The Children of the 90s study is also known as the Avon Longitudinal Study of Parents and Children (ALSPAC)
Biobank of the Year 2018
The study’s biobank, which is managed by the Bioresource Laboratory at the University of Bristol, was named Biobank of the Year in November 2018. It has collected more than two million samples which include DNA, blood, urine, saliva, placentas, hair, nails and milk teeth which are made available to researchers for health and social science study.
Are you an original study child of the 90s?
The study is still recruiting - If you were born (or were expected to be born) in Bristol or Weston-Super-Mare between April 1991 and December 1992 you should be able to take part. It doesn’t matter if you’ve not been involved or have moved away from the area.
The study is now recruiting the next generation of Children of the 90s. So if you think you are a Child of the 90s, or the partner of a Child of the 90s, and you have or are about to have your own children (including step children) then as a family you will be able to take part. Visit childrenofthe90s.ac.uk/our-participants/coco90s/ telephone 0117 331 0010 or email email@example.com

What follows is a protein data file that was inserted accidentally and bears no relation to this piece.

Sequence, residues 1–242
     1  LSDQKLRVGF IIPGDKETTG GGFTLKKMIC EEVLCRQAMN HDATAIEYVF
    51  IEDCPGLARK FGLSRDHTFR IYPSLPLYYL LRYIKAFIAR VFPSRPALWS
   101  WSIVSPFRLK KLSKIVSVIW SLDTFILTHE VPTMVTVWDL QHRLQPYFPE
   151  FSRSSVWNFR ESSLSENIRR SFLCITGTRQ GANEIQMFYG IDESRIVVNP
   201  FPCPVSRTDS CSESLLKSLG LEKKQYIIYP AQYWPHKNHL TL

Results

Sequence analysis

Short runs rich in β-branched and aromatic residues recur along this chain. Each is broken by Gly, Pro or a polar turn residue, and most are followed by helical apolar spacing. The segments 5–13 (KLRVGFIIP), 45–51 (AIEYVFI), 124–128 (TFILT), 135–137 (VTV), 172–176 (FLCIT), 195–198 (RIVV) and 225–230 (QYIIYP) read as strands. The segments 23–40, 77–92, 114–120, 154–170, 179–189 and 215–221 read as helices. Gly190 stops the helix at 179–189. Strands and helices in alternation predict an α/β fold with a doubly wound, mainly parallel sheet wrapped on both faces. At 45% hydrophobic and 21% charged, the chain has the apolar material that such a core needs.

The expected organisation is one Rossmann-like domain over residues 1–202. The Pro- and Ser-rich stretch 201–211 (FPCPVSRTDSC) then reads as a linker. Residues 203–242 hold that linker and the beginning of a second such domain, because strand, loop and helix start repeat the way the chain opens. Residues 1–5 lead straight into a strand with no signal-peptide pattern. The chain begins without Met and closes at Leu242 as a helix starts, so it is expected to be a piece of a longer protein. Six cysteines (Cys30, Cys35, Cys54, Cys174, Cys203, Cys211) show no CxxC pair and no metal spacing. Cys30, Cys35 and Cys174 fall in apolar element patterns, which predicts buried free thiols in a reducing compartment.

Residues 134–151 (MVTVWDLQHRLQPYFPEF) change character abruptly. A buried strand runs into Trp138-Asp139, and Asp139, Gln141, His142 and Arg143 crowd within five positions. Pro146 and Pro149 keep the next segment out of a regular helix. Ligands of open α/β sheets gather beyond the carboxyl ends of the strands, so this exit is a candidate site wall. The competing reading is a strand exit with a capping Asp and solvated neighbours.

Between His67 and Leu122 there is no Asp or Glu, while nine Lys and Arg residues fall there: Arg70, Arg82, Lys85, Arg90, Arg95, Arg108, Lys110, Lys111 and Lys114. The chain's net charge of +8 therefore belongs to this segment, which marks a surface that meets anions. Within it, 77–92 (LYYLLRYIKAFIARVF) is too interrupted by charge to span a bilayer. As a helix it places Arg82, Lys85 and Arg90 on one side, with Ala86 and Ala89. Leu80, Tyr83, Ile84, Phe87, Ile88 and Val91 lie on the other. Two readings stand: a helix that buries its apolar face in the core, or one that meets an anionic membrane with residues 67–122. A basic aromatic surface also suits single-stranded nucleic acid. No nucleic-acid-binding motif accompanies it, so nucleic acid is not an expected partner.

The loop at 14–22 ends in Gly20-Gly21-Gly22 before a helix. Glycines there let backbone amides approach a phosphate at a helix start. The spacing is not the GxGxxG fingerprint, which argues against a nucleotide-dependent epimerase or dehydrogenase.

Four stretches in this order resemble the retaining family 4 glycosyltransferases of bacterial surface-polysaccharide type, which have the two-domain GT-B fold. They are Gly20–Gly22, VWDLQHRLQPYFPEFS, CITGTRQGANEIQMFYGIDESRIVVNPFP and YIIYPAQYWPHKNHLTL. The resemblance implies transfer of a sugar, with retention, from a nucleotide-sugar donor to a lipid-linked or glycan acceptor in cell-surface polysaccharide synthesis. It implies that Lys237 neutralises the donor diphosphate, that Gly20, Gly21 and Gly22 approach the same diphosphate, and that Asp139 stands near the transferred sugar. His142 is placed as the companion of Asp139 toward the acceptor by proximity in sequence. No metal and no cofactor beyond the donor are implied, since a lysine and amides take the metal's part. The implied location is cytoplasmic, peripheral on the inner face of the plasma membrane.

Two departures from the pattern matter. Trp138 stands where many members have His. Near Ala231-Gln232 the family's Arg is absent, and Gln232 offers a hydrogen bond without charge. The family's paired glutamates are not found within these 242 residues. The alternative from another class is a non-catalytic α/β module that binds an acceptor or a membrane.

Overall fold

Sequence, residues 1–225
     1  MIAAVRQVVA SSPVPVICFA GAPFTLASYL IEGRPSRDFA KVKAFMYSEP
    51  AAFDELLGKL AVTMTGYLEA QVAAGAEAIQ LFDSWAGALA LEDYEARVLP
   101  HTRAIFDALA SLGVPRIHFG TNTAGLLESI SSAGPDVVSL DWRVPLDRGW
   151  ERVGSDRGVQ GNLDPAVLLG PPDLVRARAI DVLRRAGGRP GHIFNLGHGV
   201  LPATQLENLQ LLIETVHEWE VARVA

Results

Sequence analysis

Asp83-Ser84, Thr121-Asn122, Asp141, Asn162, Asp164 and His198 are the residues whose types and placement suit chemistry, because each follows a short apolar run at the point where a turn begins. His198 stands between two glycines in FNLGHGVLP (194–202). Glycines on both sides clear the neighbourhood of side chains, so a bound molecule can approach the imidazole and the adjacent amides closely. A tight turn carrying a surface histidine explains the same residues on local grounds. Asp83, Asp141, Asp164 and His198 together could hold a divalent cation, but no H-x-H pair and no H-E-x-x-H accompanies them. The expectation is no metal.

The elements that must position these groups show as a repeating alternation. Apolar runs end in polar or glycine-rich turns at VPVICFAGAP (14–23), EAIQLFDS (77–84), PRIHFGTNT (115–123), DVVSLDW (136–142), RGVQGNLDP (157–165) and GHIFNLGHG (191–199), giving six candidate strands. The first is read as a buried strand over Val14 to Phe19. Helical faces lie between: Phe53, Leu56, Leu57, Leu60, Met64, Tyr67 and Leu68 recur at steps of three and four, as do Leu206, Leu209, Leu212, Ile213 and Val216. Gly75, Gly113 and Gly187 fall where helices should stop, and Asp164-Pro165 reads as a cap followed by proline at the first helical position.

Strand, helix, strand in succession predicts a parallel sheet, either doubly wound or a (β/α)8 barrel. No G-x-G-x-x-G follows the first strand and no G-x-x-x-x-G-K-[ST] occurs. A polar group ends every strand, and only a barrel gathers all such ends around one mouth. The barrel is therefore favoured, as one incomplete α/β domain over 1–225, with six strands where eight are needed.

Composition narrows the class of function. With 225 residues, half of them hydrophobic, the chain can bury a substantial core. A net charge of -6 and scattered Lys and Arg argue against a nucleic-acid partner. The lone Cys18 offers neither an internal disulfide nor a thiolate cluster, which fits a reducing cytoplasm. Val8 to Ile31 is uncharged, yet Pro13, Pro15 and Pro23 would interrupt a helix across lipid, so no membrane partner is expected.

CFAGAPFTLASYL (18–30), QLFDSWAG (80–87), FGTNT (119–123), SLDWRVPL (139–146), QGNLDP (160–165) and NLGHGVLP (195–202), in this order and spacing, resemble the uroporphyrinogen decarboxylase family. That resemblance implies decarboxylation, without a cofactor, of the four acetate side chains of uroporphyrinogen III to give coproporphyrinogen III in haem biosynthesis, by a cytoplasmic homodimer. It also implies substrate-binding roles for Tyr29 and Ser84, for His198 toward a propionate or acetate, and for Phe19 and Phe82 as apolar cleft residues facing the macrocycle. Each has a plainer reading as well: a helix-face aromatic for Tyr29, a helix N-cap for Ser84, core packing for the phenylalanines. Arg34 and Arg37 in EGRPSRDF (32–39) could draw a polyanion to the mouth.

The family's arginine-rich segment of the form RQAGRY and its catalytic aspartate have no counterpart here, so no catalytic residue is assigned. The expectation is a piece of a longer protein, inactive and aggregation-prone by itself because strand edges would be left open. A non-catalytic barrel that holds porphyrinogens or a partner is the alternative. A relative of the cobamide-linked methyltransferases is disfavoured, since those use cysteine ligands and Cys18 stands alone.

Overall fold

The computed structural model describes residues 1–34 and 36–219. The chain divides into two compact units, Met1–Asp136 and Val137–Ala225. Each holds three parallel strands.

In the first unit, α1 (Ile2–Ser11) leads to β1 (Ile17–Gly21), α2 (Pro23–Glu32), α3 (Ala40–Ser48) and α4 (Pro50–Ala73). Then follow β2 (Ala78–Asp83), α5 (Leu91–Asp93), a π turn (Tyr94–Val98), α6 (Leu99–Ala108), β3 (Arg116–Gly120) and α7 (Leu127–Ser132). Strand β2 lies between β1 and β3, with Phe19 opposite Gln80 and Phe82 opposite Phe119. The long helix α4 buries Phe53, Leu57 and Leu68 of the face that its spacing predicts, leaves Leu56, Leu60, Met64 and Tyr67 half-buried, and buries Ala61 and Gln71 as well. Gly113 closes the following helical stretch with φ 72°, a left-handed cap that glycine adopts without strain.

Facts and figures about Children of the 90s:
There are around 27,600 participants currently in the study. This breaks down as approximately:
11,900 original Study mothers and 3,400 Study fathers
11,300 Study children or Children of the 90s (aged 26-28 years)
1,000 Children of the Children of the 90s (aged 0-11 years) from over 600 families
76 per cent of the original study children list a Bristol address as their main point of contact, evidence of the strong Bristol ties that the study still maintains.